Japan is Mitsubishi fifth-largest market, following markets including Asia ex-Japan, Europe and other regions. Its home country comprised roughly 10 percent of its vehicle sales during 2015/16.

($1 = 102.3700 yen)

(Reporting by Naomi Tajitsu; Additional reporting by Maki Shiraki; Editing by Christopher Cushing and Mark Potter)

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Increase in U.S. home prices slightly less than forecast

NEW YORK U.S. single-family home prices rose slightly less than expected on an annual basis in June, and were down from the prior month, a survey showed on Tuesday.

The SP CoreLogic Case-Shiller composite index of 20 metropolitan areas rose 5.1 percent in June on a year-over-year basis, retreating from the 5.3 percent climb in the prior month and short of the estimate calling for a 5.2 percent increase from a Reuters poll of economists.

“Overall, residential real estate and housing is in good shape,” said David M. Blitzer, managing director and chairman of the index committee at SP Dow Jones Indices.

“While the real estate sector and consumer spending are contributing to economic growth, business capital spending continues to show weakness.”

Prices in the 20 cities fell 0.1 percent in June from May on a seasonally adjusted basis, the survey showed, matching expectations for a decline of 0.1 percent.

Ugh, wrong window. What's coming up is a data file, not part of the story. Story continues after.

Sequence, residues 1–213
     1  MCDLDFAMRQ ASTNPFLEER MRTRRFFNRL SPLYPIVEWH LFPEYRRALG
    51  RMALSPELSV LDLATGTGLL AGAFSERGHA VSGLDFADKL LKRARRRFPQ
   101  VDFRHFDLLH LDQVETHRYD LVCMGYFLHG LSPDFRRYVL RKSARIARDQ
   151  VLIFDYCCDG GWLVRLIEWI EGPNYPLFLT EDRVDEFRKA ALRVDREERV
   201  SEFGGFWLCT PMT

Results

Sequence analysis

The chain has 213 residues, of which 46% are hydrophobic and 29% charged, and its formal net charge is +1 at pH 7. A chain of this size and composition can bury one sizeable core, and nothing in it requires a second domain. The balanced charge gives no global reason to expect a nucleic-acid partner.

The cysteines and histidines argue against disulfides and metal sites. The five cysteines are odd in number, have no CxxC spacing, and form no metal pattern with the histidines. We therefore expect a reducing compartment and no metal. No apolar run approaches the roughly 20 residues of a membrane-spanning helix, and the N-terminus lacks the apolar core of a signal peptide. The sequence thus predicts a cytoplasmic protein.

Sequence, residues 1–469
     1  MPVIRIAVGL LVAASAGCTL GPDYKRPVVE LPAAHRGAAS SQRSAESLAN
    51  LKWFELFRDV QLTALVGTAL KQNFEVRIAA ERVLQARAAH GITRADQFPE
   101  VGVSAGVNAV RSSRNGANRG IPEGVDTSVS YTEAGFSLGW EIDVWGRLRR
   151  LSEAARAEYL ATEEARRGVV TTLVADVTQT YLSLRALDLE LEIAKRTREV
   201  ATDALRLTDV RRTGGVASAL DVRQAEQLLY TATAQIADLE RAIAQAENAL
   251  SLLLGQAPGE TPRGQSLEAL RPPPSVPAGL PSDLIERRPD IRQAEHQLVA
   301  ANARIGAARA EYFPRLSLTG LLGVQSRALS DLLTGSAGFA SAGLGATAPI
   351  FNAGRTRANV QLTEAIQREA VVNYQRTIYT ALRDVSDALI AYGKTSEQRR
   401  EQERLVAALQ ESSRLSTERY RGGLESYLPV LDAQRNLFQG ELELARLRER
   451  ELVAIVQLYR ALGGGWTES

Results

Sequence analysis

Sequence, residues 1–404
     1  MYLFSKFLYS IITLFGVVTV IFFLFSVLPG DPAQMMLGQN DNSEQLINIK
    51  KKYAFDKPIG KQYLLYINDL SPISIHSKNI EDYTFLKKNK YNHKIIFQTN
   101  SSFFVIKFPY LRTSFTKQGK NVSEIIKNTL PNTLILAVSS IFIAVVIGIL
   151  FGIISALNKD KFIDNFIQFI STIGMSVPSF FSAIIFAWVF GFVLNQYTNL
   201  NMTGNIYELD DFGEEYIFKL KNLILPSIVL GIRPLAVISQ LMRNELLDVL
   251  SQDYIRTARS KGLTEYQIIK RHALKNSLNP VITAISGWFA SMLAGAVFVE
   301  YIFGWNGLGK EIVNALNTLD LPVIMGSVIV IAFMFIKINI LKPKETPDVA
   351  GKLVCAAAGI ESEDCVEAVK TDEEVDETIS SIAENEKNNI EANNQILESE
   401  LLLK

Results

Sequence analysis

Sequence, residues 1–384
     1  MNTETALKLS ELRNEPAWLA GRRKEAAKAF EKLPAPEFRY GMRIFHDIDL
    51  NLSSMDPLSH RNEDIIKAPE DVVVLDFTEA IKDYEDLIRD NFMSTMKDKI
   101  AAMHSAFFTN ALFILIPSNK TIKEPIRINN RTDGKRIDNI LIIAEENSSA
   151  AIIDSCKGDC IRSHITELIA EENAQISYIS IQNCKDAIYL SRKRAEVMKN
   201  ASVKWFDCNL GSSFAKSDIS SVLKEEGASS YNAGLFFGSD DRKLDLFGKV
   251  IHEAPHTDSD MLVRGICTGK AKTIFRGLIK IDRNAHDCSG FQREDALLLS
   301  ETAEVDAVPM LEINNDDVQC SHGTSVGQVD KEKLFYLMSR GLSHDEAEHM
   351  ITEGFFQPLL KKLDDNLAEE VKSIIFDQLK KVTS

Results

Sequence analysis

On a non-seasonally adjusted basis, prices increased 0.8 percent from May.

Home prices in three U.S. cities – Denver, Seattle and Portland, Oregon – showed the highest year-over-year gains, the survey showed.

(Reporting by Chuck Mikolajczak)

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China’s big banks set for hard slog as margins shrink

SHANGHAI/BEIJING Four of China’s so-called ‘Big Five’ state-owned banks have warned that profits will continue to be pressured in the second half of the year, as slowing growth in the world’s second-biggest economy hits borrowers and saps lenders’ margins.

Chinese banks, among the world’s biggest by market value, also face rising volumes of sour debt, forcing a quicker pace of write-offs – even as a series of rate cuts has chipped away at their interest income.

Industrial and Commercial Bank of China (ICBC) (1398.HK) (601398.SS), Bank of China (BoC) (3988.HK) (601988.SS), Agricultural Bank of China (AgBank) (1288.HK) (601288.SS) and Bank of Communications (BoCom) (601328.SS) (3328.HK) all warned of tough times ahead.

BoC’s chief risk officer Pan Yuehan said the bank faces “relatively big pressure” in the near future, while ICBC’s chairman Yi Huiman said bad loans will continue to rise.

ICBC, the biggest bank by assets, and BoC reported near flat half-year profits on Tuesday, and shrinking net interest margins (NIM) – the difference between interest earned on loans and that paid out to depositors.